I find here, that Don Pedro hath bestowed much honour on a young Floren
tine, called Claudio. Mess. Much deserved on his part, and equally remembered by Don Pedro:
He hath borne himself beyond the promise of his age; doing, in the figure of a lamb, the feats of a lion: he hath, indeed, better bettered expectation
than you must expect of me to tell you how. Leon. He hath an uncle here in Messina will be very much glad of it. Mess. I have already delivered him letters, and there appears much joy in him;
even so much that joy could not show itself modest enough without a badge
of bitterness. LEON. Did he break out into tears ? Mess. In great measurea. LEON. A kind overflow of kindness: There are no faces truer than those that
are so washed. How much better is it to weep at joy, than to joy at weep
ing! Beat. I pray you, is signior Montanto returned from the wars, or no? Mess. I know none of that name, lady; there was none such in the army of
any sort .
LEON. What is he that you ask for, niece ?
and my uncle's fool, reading the challenge, subscribed for Cupid, and challenged him at the bird-bolt? I pray you, how many hath he killed and eaten in these wars? But how many hath he killed ? for, indeed, I promised
to eat all of his killing. Leon. Faith, niece, you tax signior Benedick too much; but he 'll be meet with
you d, I doubt it not. Mess. He hath done good service, lady, in these wars. Beat. You had musty victual, and he hath holp to eat it: he's a very valiant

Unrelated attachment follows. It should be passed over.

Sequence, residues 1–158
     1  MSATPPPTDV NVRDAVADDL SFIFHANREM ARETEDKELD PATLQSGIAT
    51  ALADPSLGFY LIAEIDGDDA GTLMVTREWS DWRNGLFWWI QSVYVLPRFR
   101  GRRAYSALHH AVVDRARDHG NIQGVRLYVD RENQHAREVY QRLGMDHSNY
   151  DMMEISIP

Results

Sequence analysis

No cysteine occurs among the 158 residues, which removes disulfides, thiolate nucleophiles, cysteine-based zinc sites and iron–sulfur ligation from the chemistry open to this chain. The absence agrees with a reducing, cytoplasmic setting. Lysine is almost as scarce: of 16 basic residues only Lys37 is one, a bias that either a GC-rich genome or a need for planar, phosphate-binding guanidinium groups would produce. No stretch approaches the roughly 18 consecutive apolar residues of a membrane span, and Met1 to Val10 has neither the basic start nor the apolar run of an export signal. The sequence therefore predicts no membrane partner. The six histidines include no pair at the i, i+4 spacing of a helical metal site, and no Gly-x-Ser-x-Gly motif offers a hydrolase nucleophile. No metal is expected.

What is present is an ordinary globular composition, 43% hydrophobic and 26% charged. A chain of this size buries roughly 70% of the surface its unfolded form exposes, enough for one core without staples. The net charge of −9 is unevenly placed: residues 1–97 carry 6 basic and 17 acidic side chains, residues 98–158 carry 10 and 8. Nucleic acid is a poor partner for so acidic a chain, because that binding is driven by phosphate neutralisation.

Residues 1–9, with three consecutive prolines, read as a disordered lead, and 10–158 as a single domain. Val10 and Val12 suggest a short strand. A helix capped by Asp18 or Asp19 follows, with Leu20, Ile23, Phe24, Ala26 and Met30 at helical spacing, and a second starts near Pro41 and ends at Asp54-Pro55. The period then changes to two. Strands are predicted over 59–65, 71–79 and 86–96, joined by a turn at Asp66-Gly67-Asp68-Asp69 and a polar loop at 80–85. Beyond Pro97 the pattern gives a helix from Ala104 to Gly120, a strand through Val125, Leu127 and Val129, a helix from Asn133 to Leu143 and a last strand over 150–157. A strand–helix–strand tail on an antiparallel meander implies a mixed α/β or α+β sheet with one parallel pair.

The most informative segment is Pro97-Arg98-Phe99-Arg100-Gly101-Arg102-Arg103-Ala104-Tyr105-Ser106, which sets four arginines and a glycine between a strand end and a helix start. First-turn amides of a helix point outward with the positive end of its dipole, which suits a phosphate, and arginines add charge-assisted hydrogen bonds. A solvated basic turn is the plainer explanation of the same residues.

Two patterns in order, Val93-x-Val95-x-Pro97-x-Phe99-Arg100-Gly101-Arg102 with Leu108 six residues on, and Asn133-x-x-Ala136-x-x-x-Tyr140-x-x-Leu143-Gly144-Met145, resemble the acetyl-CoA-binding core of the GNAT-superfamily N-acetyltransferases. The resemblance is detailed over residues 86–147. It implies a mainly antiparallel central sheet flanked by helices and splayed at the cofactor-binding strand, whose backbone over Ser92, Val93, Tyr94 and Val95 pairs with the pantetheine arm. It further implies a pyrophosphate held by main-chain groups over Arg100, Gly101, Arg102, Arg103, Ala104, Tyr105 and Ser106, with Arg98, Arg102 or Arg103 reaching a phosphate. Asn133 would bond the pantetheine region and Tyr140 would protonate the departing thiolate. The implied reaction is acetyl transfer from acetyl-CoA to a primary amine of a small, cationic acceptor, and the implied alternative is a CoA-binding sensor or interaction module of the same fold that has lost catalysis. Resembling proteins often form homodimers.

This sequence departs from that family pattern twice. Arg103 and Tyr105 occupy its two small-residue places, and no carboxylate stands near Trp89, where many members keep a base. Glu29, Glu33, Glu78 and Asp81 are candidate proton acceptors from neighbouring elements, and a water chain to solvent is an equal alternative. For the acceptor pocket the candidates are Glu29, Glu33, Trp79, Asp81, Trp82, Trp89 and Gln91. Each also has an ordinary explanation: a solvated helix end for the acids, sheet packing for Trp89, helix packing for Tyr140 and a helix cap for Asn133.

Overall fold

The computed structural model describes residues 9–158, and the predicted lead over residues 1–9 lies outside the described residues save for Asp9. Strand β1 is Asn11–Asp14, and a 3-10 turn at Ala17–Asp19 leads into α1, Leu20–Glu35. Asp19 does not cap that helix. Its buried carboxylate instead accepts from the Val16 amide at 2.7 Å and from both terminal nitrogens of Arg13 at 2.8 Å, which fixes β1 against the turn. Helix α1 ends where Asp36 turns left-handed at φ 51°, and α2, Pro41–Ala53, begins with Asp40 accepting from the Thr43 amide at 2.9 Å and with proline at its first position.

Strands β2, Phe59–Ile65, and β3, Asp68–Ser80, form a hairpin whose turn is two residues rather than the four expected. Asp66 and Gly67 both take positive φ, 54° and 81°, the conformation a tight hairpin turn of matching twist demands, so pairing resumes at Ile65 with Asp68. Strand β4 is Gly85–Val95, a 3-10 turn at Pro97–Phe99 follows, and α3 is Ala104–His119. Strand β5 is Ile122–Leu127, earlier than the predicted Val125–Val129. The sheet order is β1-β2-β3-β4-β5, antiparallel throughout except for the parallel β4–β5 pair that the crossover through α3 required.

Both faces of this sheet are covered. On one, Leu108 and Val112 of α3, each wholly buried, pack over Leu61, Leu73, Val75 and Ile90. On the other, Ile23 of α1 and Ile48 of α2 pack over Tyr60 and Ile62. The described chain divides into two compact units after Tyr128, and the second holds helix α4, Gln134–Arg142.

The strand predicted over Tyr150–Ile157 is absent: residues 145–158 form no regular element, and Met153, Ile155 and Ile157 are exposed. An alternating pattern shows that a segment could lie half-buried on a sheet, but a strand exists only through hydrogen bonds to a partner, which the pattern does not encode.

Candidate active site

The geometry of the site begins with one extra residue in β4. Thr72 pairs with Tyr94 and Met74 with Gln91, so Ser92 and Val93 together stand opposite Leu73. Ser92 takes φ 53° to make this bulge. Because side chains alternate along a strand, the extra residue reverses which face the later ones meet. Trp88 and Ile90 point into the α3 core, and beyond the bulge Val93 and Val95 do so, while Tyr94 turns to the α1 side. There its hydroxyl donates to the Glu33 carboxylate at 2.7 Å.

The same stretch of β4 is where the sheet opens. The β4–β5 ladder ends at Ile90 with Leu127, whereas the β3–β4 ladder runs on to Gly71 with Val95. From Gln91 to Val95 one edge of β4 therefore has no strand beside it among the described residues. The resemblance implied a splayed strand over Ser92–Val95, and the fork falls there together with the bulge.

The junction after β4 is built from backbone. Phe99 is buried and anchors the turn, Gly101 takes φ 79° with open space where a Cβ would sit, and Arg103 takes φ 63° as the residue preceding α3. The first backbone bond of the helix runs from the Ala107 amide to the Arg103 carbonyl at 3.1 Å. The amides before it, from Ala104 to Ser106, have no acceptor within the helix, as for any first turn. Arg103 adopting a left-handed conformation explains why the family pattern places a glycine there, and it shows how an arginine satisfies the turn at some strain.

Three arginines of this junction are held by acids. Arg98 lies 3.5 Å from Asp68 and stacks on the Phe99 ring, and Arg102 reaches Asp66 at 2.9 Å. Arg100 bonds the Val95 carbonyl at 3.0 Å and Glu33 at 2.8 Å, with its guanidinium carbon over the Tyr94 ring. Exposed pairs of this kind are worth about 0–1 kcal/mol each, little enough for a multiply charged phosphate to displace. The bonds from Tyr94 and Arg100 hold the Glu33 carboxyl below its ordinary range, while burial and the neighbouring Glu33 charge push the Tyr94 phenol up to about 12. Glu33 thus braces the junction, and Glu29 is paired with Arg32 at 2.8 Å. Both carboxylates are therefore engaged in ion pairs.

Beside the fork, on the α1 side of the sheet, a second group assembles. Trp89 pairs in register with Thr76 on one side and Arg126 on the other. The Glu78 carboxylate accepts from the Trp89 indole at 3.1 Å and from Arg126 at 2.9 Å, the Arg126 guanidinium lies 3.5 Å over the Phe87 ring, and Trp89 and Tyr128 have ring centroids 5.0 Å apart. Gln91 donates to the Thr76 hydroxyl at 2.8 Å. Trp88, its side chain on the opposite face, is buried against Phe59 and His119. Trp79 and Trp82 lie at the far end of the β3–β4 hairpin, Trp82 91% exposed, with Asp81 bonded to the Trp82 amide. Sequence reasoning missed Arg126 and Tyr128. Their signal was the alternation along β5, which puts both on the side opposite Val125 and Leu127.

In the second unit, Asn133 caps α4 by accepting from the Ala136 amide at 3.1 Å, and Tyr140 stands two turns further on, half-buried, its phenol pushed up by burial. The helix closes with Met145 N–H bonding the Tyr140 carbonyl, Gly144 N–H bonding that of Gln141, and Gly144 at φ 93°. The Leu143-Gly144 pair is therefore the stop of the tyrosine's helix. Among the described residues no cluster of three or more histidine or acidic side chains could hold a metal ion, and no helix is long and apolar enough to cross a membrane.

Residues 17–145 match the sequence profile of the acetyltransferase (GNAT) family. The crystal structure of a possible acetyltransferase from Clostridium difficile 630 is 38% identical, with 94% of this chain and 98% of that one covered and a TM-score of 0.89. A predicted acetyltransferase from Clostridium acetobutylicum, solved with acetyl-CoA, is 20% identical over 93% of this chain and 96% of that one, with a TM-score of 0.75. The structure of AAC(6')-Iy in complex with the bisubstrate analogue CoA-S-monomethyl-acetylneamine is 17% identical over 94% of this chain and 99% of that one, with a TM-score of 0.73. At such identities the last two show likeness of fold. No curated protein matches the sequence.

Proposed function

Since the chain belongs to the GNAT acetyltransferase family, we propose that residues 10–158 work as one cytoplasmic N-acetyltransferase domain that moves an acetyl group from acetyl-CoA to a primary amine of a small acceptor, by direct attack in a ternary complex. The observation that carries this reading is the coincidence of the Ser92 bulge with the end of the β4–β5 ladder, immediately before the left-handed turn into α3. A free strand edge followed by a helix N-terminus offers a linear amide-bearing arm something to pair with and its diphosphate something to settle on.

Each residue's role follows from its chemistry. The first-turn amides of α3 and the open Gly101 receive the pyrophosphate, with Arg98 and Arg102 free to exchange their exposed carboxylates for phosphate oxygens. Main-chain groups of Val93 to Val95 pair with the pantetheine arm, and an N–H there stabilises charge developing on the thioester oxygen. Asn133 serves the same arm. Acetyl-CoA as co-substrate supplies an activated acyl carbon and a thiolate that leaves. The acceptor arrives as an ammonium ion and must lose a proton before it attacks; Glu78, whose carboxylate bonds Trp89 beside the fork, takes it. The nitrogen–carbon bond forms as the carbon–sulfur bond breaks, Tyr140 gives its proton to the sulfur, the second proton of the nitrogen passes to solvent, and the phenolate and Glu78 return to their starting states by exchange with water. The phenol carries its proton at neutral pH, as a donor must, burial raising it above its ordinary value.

trencherman, he hath an excellent stomach. Mess. And a good soldier too, lady. Beat. And a good soldier to a lady:—But what is he to a lord ? Mess. A lord to a lord, a man to a man; stuffed e with all honourable virtues. Beat. It is so, indeed: he is no less than a stuffed man: but for the stuffing,
Well, we are all mortal. any sort.” Here the commentators adopt Warburton's explanation: "there was none such of any quality above the common.” But why this difference? The Messenger knew “
none of that name"-none in any rank. • In great measure—abundantly.
Montanto. Beatrice thus nicknames Benedick, after a term of the fencing-school. • See previous note on Any sort. He'll be meet with you—he 'll be even with you. So in · The Tempest:'
“ We must prepare to meet with Caliban.' Stuffed—stored, furnished.
Leon. You must not, sir, mistake my niece: there is a kind of merry war
betwixt signior Benedick and her: they never meet but there 's a skirmish
of wit between them. Beat. Alas! he gets nothing by that. In our last conflict, four of his five wits a
went balting off, and now is the whole man governed with one: so that if he have wit enough to keep himself warm, let him bear it for a difference b between himself and his horse; for it is all the wealth that he hath left, to be known a reasonable creature. Who is his companion now? He hath